DVD Review: The Queen

Movie •••• Picture ••½ Sound ••• Extras •••
The Queen has many pleasures - not the least of which is Helen Mirren's pitch-perfect, Oscar-winning portrayal of the reigning English monarch. In examining the brief period of time immediately following Lady Diana's death, director Stephen Frears and his cast have created a humanizing portrait of Queen Elizabeth II in particular, but also of the adult members of the extended royal family and their small circle of advisers and minions.

The DVD transfer is decent but hardly a visual triumph. Flesh tones are finely rendered during close-ups of Mirren's endlessly expressive face. However, many images are a bit soft, particularly those showing the lush hills surrounding the royal family's estate in Balmoral, Scotland. I would have liked to see more definition and a broader color palette in the landscapes. When Elizabeth first encounters a strikingly magnificent deer that serves as an ongoing metaphor for her situation, its fur simply doesn't have the shine or the fine detail one would expect from such a careful production. (It's possible that the hide's lack of luster is purposeful, meant to illustrate the decay of the monarchy - but that's a bit of a stretch.)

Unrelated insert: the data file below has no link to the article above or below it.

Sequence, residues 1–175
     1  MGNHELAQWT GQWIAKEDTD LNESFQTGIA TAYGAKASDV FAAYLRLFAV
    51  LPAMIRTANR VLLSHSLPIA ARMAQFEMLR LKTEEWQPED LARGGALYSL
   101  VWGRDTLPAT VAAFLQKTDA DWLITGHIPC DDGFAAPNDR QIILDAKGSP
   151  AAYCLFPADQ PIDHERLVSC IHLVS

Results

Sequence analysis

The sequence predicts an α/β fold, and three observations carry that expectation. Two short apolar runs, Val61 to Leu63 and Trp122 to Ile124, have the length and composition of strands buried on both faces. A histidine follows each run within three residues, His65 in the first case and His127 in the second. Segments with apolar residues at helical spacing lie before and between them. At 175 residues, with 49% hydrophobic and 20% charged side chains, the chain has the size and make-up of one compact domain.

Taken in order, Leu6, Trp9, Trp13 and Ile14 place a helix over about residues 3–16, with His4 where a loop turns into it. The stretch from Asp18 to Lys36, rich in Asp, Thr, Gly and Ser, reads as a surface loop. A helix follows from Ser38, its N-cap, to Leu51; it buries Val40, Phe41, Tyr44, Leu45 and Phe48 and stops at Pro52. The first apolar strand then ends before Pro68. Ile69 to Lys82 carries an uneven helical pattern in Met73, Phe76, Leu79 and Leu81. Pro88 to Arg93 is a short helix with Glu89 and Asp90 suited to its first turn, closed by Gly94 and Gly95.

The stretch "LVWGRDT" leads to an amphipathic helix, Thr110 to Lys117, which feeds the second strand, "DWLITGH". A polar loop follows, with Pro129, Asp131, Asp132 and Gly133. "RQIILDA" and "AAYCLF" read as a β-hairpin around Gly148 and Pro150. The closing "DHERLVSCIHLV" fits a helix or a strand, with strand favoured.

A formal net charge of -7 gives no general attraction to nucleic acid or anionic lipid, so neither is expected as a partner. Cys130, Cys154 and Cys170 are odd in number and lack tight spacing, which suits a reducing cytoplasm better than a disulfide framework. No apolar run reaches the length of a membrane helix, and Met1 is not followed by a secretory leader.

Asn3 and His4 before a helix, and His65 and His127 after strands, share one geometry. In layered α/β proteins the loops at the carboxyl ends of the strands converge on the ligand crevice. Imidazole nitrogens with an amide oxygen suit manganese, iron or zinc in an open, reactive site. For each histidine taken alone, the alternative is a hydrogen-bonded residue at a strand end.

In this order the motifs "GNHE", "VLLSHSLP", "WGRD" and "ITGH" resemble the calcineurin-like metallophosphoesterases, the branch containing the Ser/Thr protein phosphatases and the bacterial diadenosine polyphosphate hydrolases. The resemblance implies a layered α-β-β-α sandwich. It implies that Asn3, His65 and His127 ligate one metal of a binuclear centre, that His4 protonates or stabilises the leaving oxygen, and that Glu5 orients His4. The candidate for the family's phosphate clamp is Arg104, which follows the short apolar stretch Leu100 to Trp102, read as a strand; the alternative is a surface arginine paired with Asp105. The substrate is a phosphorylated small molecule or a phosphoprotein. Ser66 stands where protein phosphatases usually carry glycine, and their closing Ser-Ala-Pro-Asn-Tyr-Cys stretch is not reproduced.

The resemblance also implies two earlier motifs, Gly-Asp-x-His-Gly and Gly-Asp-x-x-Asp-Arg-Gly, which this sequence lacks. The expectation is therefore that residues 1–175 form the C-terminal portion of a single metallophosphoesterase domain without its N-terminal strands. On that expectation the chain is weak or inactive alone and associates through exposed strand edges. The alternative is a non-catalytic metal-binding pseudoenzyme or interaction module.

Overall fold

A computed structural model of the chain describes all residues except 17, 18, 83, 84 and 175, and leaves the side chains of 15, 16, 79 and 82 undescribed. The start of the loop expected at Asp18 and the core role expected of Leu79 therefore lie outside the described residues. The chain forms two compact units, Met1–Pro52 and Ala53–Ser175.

Sonically, the disc is quite good, though limited in ambition. This is a film about conversations, above all else, and the dialogue is perfectly defined. Most of the audio stays up front, except for the occasional and effective use of the surround channels to punctuate the action outside Buckingham Palace, where thousands gathered to mourn Diana's death.

There aren't many extras, but the ones provided won't waste your time. You get two commentaries - the first with Frears, who's lively and informative, the second with historian Robert Lacey, who serves up quite a few important tidbits about protocol and the recent history of the monarchy. There's also a making-of featurette where Frears, Mirren, and the rest of the cast provide sound bites. Not surprisingly, Mirren's thoughts on channeling Elizabeth are extremely entertaining - and they tell a lot about the art of acting. [NR] English, Dolby Digital 5.1; Spanish, Dolby Surround; letterboxed (2.35:1) and anamorphic widescreen; dual layer.

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